Other leading industrial developer, Climeworks technology is based on a cyclic adsorption desorption process achieved using a porous high surface area material. During the first step, air fans draw air through the capture unit, and the CO2 in the air is bound at the surface of the filter material. CO2 free air leaves the filter. This is repeated until the filter is filled with CO2. The filter with the trapped CO2 is heated up to 100 °C and CO2 is released again. Released CO2 is concentrated at 99.9% purity from the filter. Energy requirement for this DAC process are around 2000 kWh/tCO2, or 400 kWh electrical and 1,600 kWh thermal. A $100/tCO2 is estimated to be reached within a decade.5
Jumping to the carbon capture wagon, based in Dublin, Silicon Kingdom Holdings together with Arizona State University plans to build 1,200 mechanical trees each with expected carbon capture capacity of 2.5 tCO2/year. 30 feet tall mechanical trees capture CO2 from the air as the wind passes through them. A group of 12 mechanical trees can collect 1 tCO2 daily. A pilot site planned in California can remove up to 36,500 tCO2 annually. A pilot site of mechanical trees is nearly equivalent to 1,825 households’ annual emissions, assuming average American household emits about 20 tCO2 annually.
Can we reach to climate goals with DAC?
The deep decarbonization of industry is a necessity to become carbon neutral. Can DAC help to this effort as a potential negative emission technology? For a 1.5 °C goal, the cumulative negative emissions needed are between 450 and 1000 GtCO2 by 2100.3 In order to remove 1000 GtCO2 by 2100 (79 years from today), we now need nearly 13,000 Carbon Engineering plant partnered with Oxy Low Carbon Ventures in Permian Basin in Texas. This plant’s CO2 removal capacity per year is 1MtCO2 and it is expected to be fully operational by 2024. Using Climeworks joint partnership with Carbfix in Hellisheidi Iceland plant, nearly 4,000 tCO2 can be removed per year. In order to remove 1000 GtCO2 by 2100, today, nearly 3 million similar plants are needed. Estimated annualized capital costs, for a generic solid sorbent and liquid solvent DAC systems with a capacity of 1MtCO2 per year and with an estimated 30-year plant life, are projected at nearly $133 million and $126 million, respectively.3 To meet the global goals using DAC alone (remove 1000 GtCO2 by 2100), nearly 13,000 DAC plants with 1MtCO2 per year capacity are needed today, and thus earth needs nearly $1.7 Trillion (1012) (or $1.6 Trillion) capital investment. For the estimated cost analysis, operational costs are not included. Capital costs for equipment and commercialization costs are main considerations for DAC plants, especially during the scale-up stage. For the liquid solvent-based systems, the majority of the capital expenses are contactor arrays, oxy-fired calciner, slaker, causticizer, clarifier and condenser units. For the solid sorbent-based system, about 80% of the capital is associated with the nitrogen functionalized porous materials, and the remaining is associated with the oxy-fired calciner, vacuum pump and heat exchanger. From the operational costs perspectives, liquid solvent-based systems costs are slightly higher than the solid sorbent-based systems. This is mainly due to the high energy demands at the regeneration process along with the electricity required to run the fans. The capital and operational costs can be lowered for DAC systems with an improved system design as well as advances in solvent or sorbent materials with higher capture capacity, selectivity, and recyclability.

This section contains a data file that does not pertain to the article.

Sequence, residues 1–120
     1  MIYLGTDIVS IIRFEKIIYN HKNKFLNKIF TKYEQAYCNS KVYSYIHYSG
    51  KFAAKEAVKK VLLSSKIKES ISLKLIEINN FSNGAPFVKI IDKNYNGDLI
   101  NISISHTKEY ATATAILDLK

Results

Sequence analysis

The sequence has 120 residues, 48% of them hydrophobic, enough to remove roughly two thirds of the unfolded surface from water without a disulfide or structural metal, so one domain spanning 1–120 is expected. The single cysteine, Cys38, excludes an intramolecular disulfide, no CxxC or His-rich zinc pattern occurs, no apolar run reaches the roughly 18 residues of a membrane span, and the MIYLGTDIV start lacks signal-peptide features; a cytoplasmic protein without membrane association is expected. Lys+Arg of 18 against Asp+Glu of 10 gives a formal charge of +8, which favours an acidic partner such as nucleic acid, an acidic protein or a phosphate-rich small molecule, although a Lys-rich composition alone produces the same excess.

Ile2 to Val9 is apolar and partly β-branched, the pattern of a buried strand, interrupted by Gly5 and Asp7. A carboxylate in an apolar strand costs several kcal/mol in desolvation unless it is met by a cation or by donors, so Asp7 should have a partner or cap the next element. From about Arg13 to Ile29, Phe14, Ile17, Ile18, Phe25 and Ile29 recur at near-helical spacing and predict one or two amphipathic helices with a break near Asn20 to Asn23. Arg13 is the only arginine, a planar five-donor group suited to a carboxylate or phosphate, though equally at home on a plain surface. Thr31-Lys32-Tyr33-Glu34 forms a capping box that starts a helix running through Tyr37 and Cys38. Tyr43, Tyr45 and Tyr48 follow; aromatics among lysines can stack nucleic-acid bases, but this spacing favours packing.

Energy needs of DAC and cost analysis
A closer look needs to be given to the energy needs for DAC as air capture deals with an extremely low CO2 concentration (420 ppm) which is roughly 350 times lower than that found in a typical coal-based flue gas (12%). DAC process uses a more dilute stream, and it requires more work to separate the CO2 out of that more dilute stream than the more concentrated streams such as flue gas. Hence about three times more energy is required in terms of just the minimum work to capture CO2 from the atmosphere compared to the exhaust stream of the power plant. In order to capture comparable amounts of CO2 from the air nearly 300 times more contactor area is required for the DAC plant than from a power plant exhaust. Higher energy demands of the DAC plant adds to the operating costs which strongly correlates with the energy it takes to do the CO2 separation. Furthermore, contactors are a significant capital costs of the DAC plant, so it is always going to be more expensive to capture CO2 from the air compared to a flue gas source. Furthermore, CO2 selectivity of liquid solvent or solid sorbent could play an important role in a nitrogen and water vapor rich ambient air. This can lead to captured CO2 with varying purity percentage. For ease of transportation of CO2, it needs to be converted into a condensed phase which requires a gas compression step. CO2 in high purity is more compressible than low purity CO2. Depending on the type and efficiency of capture process, a purification step may be added and this also increases energy needs of the DAC operation.